Brain Rules for Baby: How to Raise a Smart and Happy Child from Zero to Five by John Medina
Published by Pear Press
As a (now former) teacher and a math/science nerd, my husband has a significant fascination with brain-based learning research, thus it was only natural that he read John Medina’s Brain Rules, followed by his Brain Rules for Baby. When we found out that we are expecting this summer (before we learned that we are expecting twins), he pulled Brain Rules for Baby off of his shelf and stuck it at the top of my TBR pile, then proceeded to pester me about it any time he saw me reading anything else at all.
Here’s the publisher’s description of exactly what the book is about:
What’s the single most important thing you can do during pregnancy? What does watching TV do to a child’s brain? What’s the best way to handle temper tantrums? Scientists know.
In his New York Times bestseller Brain Rules, Dr. John Medina showed us how our brains really work—and why we ought to redesign our workplaces and schools. Now, in Brain Rules for Baby, he shares what the latest science says about how to raise smart and happy children from zero to five. This book is destined to revolutionize parenting. Just one of the surprises: The best way to get your children into the college of their choice? Teach them impulse control.
Brain Rules for Baby bridges the gap between what scientists know and what parents practice. Through fascinating and funny stories, Medina, a developmental molecular biologist and dad, unravels how a child’s brain develops – and what you can do to optimize it.
I am very conflicted as to how I felt about Brain Rules for Baby. On the one hand, it is full of fascinating and potentially helpful information for parents to understand how their children’s brains work and how their choices can influence their children’s brain development. On the other hand, it often comes off as if Medina is talking down to parents and Holy Mother of Metaphors is it ever overwritten. As far as the talking down, I don’t think that this was a purposefully disparaging move on Medina’s part. As a developmental molecular biologist he clearly needed to phrase things in layman’s terms to make it accessible to most parents, but I think he underestimated the education of parents who would be interested in a book on brain-based learning and parenting and often oversimplified or over-explained.
The overwriting may also be a symptom of Medina’s not knowing exactly how to approach the audience of this book. The main problem with his prose (there may have been others, but this one drove me so to distraction that it was all I could do at times to glean the important information he was presenting, syntax and the like were beyond me at that point) is his severe overuse on metaphors. There is a general, overarching gardening metaphor that in and of itself could be quite useful, and might of been had he primarily stuck to that. Instead, he seemed to just use whatever metaphor presented itself first for any general topic – at times I counted up to four discrete metaphors on a single page. In addition, many of the metaphors used are not particularly edifying, but instead add an additional layer that needs parsing, such the explanation, below, of the workings of the ventromedial prefrontal cortex:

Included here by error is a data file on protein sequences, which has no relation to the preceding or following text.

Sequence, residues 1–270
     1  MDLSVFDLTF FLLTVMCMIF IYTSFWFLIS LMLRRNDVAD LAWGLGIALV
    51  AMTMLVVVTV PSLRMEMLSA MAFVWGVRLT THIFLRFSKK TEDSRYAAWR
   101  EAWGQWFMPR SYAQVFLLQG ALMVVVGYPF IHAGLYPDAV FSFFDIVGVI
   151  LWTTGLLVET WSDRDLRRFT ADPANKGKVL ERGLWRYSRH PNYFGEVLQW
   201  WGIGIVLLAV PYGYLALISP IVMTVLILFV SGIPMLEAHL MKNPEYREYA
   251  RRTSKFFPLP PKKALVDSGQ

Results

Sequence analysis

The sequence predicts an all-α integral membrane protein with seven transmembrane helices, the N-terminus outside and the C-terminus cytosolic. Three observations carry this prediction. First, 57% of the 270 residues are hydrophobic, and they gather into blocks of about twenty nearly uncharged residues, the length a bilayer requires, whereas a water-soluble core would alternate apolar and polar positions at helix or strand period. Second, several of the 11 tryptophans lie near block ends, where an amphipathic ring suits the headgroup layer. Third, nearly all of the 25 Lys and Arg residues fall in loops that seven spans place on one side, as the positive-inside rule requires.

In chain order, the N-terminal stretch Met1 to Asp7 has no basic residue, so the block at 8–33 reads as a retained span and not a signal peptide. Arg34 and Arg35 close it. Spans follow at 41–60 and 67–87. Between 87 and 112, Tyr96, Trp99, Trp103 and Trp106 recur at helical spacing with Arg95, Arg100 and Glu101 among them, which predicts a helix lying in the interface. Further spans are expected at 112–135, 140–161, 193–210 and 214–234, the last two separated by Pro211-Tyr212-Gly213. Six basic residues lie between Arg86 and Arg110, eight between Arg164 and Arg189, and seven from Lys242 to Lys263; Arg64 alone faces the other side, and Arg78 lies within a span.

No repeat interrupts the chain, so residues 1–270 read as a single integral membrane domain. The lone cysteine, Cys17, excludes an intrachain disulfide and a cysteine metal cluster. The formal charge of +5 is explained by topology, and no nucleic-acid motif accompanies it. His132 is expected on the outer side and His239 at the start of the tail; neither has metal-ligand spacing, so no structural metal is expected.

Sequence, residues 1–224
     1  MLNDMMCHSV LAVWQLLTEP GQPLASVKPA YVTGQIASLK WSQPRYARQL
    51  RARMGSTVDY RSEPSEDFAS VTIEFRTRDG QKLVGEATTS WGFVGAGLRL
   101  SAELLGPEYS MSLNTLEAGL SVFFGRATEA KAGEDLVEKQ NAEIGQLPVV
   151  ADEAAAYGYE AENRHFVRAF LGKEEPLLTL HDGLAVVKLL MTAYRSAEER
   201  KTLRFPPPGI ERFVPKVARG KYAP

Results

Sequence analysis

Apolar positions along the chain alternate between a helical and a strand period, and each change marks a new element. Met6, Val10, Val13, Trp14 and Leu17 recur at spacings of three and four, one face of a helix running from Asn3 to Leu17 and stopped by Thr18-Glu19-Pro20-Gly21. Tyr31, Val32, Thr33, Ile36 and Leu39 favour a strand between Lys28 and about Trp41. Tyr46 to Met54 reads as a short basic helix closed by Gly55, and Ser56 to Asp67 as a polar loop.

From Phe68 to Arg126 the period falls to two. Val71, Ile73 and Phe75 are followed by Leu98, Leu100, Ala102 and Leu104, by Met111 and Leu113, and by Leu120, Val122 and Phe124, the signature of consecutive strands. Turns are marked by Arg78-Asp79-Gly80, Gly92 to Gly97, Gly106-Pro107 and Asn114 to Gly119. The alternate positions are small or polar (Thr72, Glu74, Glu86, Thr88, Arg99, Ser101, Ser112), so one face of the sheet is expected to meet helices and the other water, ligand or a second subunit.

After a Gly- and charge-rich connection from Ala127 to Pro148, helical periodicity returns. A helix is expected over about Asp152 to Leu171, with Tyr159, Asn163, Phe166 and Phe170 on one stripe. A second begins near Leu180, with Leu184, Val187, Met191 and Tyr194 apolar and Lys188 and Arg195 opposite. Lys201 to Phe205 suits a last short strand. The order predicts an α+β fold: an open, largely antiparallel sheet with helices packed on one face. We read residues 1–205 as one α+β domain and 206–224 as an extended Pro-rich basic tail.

This is oversimplified, but think of the ventromedial prefrontal cortex as the Golden Gate Bridge, connecting San Francisco (emotions) to its northern neighbor, Marin County (just the facts, Ma’am). Here’s how some scientists think the traffic generally flows:
- An emotional reaction occurs. When a child’s brain is confronted with a moral dilemma, San Francisco is alerted first. The child’s deep, mostly unconscious circuitry generates an emotional reaction – a Post-it note.
- The signal is carried across the bridge. That message is spirited across the VMPFC, the cellular Golden Gate connecting lower and higher centers of the brain.
- Fact centers analyze it and decide what to do. The signal arrives at the neuroanatomical equivalent of Marin County. The child’s brain reads the note and makes up its mind about what to do. It judges right from wrong, critical from trvial, necessary from elective, and ultimately lands upon some behavioral course of action. The decision is executed.
– p. 233-234
That reference to a Post-it note comes from a metaphor Medina utilizes earlier in the chapter. I really think he’s making this much wordier and more complicated than it needs to be. Perhaps he feels that the metaphor makes it easier to remember, which might be the case if they were used sparingly and if they were much simpler, but in this case it simply distracted me from what he was really trying to get across.
Now, I don’t want the writing issues to completely overshadow the fact that Brain Rules for Baby really is chock full of interesting and useful information about the brain development of children in utero to about five years old. There is enough good stuff here that I would tentatively recommend it to parents of small children interested in developing their parenting style around brain-based research, but I wouldn’t ever pick it up just to learn fun and interesting new things, because of the annoyances of the writing.
Source: Personal copy.
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